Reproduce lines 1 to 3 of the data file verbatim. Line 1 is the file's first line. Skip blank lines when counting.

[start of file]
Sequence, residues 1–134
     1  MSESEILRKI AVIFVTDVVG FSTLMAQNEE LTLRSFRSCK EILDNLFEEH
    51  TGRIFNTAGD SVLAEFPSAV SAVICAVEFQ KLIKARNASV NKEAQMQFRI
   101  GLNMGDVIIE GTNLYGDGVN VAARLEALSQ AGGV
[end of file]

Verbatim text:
Sequence, residues 1–134
     1  MSESEILRKI AVIFVTDVVG FSTLMAQNEE LTLRSFRSCK EILDNLFEEH
    51  TGRIFNTAGD SVLAEFPSAV SAVICAVEFQ KLIKARNASV NKEAQMQFRI